Excellent export prospects, competitive pricing of agricultural products and standards, which are internationally comparable have created enormous trade opportunities in the Indian agro industry.
Exports of Agricultural products (2004-05)
Major Export Markets
Major destinations for export of Indian agricultural products (2006-07), include -
|Floriculture||USA, Japan, UK, Netherlands & Germany|
|Fruits & Vegetable Seeds||Pakistan, Bangladesh, USA, Japan & Netherlands|
|Fresh Onions||Bangladesh, Malaysia, Sri Lanka, UAE, Pakistan & Nepal|
|Other Fresh Vegetables||UAE, Bangladesh, Pakistan, Nepal & Sri Lanka|
|Walnuts||Spain, Egypt, Germany, UK & Netherlands|
|Fresh Mangoes||UAE, Bangladesh, UK, Saudi Arabia & Nepal|
|Fresh Grapes||Netherlands, UK, UAE, Bangladesh, Belgium|
|Other Fresh Fruits||Bangladesh, UAE, Netherlands, Nepal, Saudi Arabia|
|Dried & Preserved Vegetables||Russia, France, USA, Germany & Spain|
|Mango Pulp||Saudi Arabia, Netherlands, UAE, Yamen, Arab Republic & Kuwait|
|Pickles & Chutneys||Russia, USA, Belgium, Netherlands & France|
|Other Processed Fruits||USA, Netherlands, UK, UAE & Saudi Arabia|
|Buffalo Meat||Malaysia, Philippines, Saudi Arabia, Jordan & Angola|
|Sheep / Goat Meat||Saudi Arabia, UAE, Qatar, Oman & Kuwait|
|Poultry Products||UAE, Kuwait, Oman, Germany & Japan|
|Dairy Products||Bangladesh, Algeria, UAE, Yamen, Arab Republic & Egypt|
|Animal Casings||Germany, Portugal, France, Spain & Italy|
|Processed Meat||Seychelles, UAE, Hong Kong, Germany & USA|
|Groundnuts||Indonesia, Malaysia, Philippines, UK & Singapore|
|Guar Gum||USA, China, Germany, Italy & Netherlands|
|Jaggery & Confectionery||Portugal, USA, Bangladesh, Pakistan & Nepal|
|Cocoa Products||Nepal, Netherlands, Malaysia, Yamen Arab Republic & UAE|
|Cereal Preparations||USA, UK, Nepal, Sri Lanka & UAE|
|Alcoholic Beverages||Jamaica, Thailand, UAE, Angola & Bhutan|
|Miscellaneous Preparations||UAE, Iran, USA, UK & Indonesia|
|Milled Products||USA, UK, Indonesia, Maldives & UAE|
|Basmati Rice||Saudi Arabia, Kuwait, UK, UAE & Yamen Arab Rep.|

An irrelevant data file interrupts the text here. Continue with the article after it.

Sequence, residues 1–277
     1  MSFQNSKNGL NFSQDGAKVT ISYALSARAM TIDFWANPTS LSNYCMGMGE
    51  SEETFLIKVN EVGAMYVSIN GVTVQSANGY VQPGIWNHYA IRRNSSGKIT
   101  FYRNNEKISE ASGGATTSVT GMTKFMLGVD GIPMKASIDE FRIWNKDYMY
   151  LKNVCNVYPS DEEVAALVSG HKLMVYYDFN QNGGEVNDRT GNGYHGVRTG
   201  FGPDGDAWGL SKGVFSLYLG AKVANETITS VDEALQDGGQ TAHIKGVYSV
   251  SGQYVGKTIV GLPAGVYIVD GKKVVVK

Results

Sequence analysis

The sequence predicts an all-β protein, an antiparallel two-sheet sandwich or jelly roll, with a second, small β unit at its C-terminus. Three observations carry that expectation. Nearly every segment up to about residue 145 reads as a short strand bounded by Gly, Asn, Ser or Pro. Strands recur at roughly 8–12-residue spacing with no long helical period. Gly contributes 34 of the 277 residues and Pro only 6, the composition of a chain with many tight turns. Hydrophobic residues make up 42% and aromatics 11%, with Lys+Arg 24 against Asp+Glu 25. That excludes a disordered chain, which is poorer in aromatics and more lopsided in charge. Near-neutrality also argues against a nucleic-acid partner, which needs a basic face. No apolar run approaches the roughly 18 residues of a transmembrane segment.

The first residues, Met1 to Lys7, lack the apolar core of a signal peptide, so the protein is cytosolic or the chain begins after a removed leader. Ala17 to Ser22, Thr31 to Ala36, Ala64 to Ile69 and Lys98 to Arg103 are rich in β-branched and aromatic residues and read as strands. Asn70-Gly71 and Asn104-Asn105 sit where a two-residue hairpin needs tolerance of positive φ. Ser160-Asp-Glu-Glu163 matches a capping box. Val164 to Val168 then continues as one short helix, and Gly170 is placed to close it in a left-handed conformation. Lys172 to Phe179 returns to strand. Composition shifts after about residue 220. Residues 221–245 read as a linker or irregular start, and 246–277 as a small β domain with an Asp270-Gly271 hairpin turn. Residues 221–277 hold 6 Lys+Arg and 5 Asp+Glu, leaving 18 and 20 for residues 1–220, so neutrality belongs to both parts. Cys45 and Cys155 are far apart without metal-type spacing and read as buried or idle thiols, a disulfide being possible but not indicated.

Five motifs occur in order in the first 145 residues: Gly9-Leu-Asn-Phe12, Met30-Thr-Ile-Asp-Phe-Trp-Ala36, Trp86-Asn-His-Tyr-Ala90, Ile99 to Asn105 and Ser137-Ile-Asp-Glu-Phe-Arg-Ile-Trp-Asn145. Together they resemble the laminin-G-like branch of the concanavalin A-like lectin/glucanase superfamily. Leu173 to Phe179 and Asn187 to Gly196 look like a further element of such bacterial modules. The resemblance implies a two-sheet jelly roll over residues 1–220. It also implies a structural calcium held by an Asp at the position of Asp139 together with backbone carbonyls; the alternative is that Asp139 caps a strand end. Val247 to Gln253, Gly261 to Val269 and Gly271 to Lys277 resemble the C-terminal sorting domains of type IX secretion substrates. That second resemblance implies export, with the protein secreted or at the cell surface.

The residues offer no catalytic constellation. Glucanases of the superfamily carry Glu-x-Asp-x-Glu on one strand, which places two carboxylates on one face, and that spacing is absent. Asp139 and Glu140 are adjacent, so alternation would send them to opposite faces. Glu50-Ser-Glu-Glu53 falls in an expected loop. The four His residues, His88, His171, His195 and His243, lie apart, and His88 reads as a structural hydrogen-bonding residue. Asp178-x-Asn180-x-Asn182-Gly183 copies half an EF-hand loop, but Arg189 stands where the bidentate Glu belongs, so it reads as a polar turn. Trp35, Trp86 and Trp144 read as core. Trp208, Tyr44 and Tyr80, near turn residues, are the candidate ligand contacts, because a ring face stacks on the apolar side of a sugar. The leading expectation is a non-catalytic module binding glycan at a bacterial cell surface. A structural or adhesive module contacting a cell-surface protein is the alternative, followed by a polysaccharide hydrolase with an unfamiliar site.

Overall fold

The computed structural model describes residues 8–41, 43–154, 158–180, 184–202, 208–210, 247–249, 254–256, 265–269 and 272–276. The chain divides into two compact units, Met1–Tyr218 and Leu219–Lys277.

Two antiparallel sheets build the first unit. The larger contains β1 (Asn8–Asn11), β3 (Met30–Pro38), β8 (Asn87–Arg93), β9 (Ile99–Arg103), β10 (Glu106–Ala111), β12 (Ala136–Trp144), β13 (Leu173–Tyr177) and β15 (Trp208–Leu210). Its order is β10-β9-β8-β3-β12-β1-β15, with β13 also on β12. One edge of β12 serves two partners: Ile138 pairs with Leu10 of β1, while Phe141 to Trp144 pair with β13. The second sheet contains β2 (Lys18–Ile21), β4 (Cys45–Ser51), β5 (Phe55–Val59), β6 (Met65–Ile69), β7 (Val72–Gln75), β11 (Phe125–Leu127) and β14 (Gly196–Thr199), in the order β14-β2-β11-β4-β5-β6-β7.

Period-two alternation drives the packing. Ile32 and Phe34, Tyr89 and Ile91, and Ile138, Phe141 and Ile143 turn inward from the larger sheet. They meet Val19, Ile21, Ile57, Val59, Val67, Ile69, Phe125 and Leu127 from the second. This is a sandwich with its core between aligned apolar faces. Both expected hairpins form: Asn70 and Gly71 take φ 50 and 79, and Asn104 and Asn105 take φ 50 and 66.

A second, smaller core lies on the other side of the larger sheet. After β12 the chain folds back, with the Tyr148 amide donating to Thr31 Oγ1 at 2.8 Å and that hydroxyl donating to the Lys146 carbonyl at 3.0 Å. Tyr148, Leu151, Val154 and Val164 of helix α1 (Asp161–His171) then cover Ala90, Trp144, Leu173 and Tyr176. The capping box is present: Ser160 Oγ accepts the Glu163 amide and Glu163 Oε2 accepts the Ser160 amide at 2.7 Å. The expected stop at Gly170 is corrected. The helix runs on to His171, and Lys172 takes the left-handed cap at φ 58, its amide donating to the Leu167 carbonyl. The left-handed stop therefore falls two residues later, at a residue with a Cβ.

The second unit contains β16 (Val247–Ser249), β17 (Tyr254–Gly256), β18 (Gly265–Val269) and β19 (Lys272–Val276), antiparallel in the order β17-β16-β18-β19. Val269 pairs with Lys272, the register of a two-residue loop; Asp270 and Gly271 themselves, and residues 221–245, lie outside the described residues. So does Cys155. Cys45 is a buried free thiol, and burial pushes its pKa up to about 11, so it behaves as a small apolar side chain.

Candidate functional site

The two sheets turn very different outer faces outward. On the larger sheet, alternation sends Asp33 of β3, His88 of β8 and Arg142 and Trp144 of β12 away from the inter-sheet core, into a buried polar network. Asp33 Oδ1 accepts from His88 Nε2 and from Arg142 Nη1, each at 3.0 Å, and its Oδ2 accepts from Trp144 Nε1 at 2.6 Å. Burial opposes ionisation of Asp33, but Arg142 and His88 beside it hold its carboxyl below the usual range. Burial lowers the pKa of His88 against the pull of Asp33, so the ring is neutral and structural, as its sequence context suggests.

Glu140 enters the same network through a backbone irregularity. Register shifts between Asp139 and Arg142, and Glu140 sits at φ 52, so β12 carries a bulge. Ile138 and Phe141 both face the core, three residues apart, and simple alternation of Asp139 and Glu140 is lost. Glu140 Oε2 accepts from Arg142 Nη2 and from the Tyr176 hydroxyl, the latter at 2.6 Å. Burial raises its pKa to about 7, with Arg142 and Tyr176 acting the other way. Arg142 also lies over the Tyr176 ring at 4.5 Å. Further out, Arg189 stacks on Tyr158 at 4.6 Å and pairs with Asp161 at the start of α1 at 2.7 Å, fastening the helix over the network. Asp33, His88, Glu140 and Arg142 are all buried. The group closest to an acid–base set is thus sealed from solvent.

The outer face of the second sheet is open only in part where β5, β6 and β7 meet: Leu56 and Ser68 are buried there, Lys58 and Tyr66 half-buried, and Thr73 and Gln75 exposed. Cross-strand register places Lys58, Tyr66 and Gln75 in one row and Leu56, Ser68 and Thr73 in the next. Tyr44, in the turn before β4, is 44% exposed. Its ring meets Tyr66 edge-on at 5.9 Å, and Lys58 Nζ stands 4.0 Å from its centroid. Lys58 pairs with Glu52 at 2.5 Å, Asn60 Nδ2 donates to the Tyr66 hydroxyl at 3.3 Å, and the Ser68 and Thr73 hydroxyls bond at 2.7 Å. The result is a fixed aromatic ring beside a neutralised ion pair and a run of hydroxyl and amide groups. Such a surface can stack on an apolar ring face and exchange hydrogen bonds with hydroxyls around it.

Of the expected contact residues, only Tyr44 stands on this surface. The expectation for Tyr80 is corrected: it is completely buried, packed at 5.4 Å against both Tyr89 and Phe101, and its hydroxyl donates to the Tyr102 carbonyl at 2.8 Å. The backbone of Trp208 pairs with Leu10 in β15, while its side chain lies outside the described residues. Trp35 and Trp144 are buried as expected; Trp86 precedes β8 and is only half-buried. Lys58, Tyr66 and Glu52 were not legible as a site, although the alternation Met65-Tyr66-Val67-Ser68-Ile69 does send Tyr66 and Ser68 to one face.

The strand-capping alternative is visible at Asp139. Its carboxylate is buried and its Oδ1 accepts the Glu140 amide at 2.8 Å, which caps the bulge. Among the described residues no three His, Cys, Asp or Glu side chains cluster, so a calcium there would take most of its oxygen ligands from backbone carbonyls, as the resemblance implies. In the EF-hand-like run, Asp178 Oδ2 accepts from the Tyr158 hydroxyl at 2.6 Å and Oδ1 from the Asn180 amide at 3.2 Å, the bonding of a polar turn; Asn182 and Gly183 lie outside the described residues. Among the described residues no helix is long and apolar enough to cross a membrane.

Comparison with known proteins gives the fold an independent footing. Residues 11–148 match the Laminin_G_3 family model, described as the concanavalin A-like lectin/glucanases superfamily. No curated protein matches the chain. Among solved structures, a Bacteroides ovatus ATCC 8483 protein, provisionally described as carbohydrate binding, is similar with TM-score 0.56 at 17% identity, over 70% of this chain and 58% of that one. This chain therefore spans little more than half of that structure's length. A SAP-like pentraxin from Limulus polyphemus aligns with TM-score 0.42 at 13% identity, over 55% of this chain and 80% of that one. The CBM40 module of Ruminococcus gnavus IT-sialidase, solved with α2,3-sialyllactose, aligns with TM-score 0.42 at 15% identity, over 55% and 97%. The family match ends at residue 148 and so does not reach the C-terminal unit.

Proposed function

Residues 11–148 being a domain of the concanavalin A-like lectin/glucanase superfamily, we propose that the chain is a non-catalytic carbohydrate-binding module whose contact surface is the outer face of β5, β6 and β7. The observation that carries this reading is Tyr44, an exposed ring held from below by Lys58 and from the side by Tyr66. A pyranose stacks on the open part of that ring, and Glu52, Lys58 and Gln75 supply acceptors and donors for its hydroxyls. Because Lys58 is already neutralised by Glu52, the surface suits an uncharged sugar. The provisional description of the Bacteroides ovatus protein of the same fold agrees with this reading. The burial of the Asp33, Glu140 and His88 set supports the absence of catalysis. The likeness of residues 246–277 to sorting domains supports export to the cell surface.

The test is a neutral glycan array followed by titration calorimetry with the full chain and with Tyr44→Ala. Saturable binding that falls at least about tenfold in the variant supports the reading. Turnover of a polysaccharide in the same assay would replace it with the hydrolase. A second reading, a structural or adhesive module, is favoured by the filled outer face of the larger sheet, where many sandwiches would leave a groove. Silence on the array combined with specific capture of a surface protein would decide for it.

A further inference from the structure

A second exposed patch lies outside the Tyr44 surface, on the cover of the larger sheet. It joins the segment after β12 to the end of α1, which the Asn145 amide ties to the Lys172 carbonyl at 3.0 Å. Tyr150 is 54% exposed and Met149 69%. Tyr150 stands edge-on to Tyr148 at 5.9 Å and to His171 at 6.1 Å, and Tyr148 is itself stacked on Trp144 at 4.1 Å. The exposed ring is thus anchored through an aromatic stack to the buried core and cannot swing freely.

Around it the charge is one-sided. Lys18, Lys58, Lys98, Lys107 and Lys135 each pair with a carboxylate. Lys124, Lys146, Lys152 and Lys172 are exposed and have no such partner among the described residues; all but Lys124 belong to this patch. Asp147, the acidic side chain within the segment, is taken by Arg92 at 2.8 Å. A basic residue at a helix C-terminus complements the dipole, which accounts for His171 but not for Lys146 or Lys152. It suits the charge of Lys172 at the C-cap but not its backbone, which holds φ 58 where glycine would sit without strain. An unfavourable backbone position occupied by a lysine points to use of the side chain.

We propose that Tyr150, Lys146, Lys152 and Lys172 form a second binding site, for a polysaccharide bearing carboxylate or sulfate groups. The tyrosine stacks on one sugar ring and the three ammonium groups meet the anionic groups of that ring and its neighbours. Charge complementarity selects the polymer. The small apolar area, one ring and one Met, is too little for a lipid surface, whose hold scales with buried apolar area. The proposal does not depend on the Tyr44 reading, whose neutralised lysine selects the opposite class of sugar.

|Non Basmati Rice||Nigeria, Bangladesh, South Africa, UAE & Ivory Coast|
|Wheat||Bangladesh, Philippines, UAE, Sudan & Myanmar|
|Other Cereals||Bangladesh, Sri Lanka, Sudan, Benin, Thailand|
|Natural Honey||USA, Germany, Saudi Arabia, UK & UAE|
|Pulses||Bangladesh, Sri Lanka, Pakistan, UAE & Nepal|
Product-wise Export Data (2002-03 to 2006-07)
According to experts, India has to play a bigger role in the global markets in agriculture products in the future. The country is expected to strengthen its position among the worlds leading exporters of rice. Presently it is the 2nd largest rice producer after China and the 3rd largest net-exporter after Thailand and Vietnam.
However, recent reports states that agriculture plays an important, though declining role in Indian economy. Its contribution in overall GDP fell from 30 % in the early nineties, to below 17.5 % in 2006. The country is a world leader in specialist products, such as buffalo milk, spices and bananas, mangoes, chickpeas etc., which are considered as important in the Indian diet and are also exported. India is the 5th largest cultivator of biotech crops across the world, ahead of China. In the year 2006, around 3.8 million hectares of land were cultivated with genetically modified crops, by about 2.3 million farmers. The primary GM crop is Bt Cotton that was introduced in 2002. The future growth in agriculture sector must come from -
- Advanced technologies that are not only "cost effective" but also "in conformity" with natural climatic regime of the country
- Technologies applicable to rain-fed areas particularly
- Continued genetic improvements for improved seeds and yields
- Improvements in data for superior research, results, and sustainable planning
- Bridging the gap between knowledge and practice; and
- Judicious land use resource surveys, effective management practices and sustainable use of natural resources.